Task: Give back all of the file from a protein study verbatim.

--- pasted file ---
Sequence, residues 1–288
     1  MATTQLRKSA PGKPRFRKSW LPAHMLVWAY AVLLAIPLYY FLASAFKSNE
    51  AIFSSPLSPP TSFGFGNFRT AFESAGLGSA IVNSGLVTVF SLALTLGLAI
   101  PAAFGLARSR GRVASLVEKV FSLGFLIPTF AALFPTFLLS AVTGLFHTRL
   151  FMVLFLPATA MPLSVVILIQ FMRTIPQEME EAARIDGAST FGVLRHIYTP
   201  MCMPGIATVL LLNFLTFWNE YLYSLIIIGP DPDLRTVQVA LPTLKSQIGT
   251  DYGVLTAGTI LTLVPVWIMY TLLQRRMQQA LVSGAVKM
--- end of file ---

Sequence, residues 1–288
     1  MATTQLRKSA PGKPRFRKSW LPAHMLVWAY AVLLAIPLYY FLASAFKSNE
    51  AIFSSPLSPP TSFGFGNFRT AFESAGLGSA IVNSGLVTVF SLALTLGLAI
   101  PAAFGLARSR GRVASLVEKV FSLGFLIPTF AALFPTFLLS AVTGLFHTRL
   151  FMVLFLPATA MPLSVVILIQ FMRTIPQEME EAARIDGAST FGVLRHIYTP
   201  MCMPGIATVL LLNFLTFWNE YLYSLIIIGP DPDLRTVQVA LPTLKSQIGT
   251  DYGVLTAGTI LTLVPVWIMY TLLQRRMQQA LVSGAVKM